2. I totally agree with your observation. Not only is the basic knowledge of official road signs woefully deficient, but common courtesy among people is absent when we’re behind the wheel. The Mercedes driver arriving at the light just a car length ahead of you is as direct and clear an indicator that can be imagined of how futile aggressive driving truly is. At one time I was almost as assertive when driving as this woman, but I’d like to think maturity has gone some way to making me better. Hopefully my self-image is accurate.

    (By the way, I found your blog via Rex Parker… just thought your title was interesting. Sorry to come so abruptly! But I liked your post, so I thought I’d share my feelings as well & commiserate along with you. Cheers.)

  3. Point well taken. I too am sensitive to pedestrian traffic as I live in a small suburban city with an historic and walkable downtown area. I see the same things you describe daily.

    However, I also don’t think that most folks realize that they must initiate the movement and show their intentions. In our travels to Europe I have noticed that drivers are much more aggressive, but do yield to pedestrians in crosswalks, but only after the pedestrian moves directly into the street.

    As a pedestrian, this takes some getting used to, but in my experience European city drivers are very skilled and almost never hit the pedestrian. 🙂

  4. Julie Fisher

    Wow, who knew! I thought that sign meant “watch out for people with slumped backs who are walking inspite of it all”.

  5. Niece Lash

    Whew…I thought that man was a pedophile hence the name “ped xing.” Therefore I always tried to run them over. I’ll slow down from now on.

  6. Jan Maier

    I live in a part of Nashville not far from the University location you describe. In fact I worked for years across the street at an independent K-12 school . Some of our children took the city buses and had to navigate those intersections….a scary prospect.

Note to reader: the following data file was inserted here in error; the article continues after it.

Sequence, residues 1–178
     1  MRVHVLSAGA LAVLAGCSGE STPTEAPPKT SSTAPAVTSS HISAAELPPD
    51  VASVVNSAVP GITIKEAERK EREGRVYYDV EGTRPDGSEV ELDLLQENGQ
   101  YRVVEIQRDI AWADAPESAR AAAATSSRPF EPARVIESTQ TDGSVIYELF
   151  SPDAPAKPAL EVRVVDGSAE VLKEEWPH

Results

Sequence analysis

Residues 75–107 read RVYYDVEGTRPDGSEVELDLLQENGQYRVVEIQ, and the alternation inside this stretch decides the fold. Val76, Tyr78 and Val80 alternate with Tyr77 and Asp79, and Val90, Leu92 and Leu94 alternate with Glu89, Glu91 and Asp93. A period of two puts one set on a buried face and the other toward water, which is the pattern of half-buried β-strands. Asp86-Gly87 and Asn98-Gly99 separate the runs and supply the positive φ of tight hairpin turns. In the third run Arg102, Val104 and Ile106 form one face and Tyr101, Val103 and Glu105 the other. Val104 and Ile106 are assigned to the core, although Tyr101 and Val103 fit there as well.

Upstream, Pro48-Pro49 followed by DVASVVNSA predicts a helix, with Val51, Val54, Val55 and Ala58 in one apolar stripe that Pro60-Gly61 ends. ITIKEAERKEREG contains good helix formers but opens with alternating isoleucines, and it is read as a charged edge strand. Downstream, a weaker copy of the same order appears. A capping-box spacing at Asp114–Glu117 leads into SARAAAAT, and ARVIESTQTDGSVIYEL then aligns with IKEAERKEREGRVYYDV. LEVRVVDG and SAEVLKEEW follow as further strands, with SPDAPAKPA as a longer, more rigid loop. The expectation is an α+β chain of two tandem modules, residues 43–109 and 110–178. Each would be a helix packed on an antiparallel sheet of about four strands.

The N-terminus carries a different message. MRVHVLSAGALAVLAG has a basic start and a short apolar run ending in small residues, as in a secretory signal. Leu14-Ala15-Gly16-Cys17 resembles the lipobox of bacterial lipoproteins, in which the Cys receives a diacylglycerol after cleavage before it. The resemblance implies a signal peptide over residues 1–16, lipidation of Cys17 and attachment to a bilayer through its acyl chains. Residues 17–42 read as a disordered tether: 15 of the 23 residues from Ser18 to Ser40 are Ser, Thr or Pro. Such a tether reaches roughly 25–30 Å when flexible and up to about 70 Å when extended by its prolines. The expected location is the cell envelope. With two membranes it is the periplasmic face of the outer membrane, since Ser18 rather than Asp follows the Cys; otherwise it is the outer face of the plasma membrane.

Now that I’m no longer working full time, I’ve begun walking to and from the Y, library and post office. Sometimes I wonder if I’ll ever get across the relatively new, so-called “pedestrian friendly” intersections. I push the button and wait for my signal and then drivers who are impatiently waiting to turn…just ignore this friendly pedestrian……that would be me! I don’t think I’ll try the European approach though…I’m not movin’ into that intersection until the cars stop….maybe I could carry a flag and wave it ahead of me as I step off the curb? I’ve lived here more than half my life and have always wondered about this crosswalk problem and also why so few turn signals are used by drivers in this town.

  7. Bob

    So just how old is this “drinkin’ the franklin kool aid” person, who thinks there are “lots bigger things in the world to worry about” than trying not to run someone over in your car? Will he/she feel the same after getting hit at a crosswalk?

  8. Dear Bob,

    My post was an express message to the owner of the blog, who in fact, originally coined the very phrase in which you quoted me.

    It’s a long story that you might not understand, and it’s not directly applicable to the story at hand.

    At my “age,” as far as getting hit in a crosswalk, it ranks 5,001 on a list of 5,000 things to concern myself with in life.

    No. 5,000 is getting hit by an undiscovered comet on a Wednesday at 6:37 p.m. during a stampede down main Street just after Good Friday in a hailstorm on my birthday.

    Hope that spells it out for you.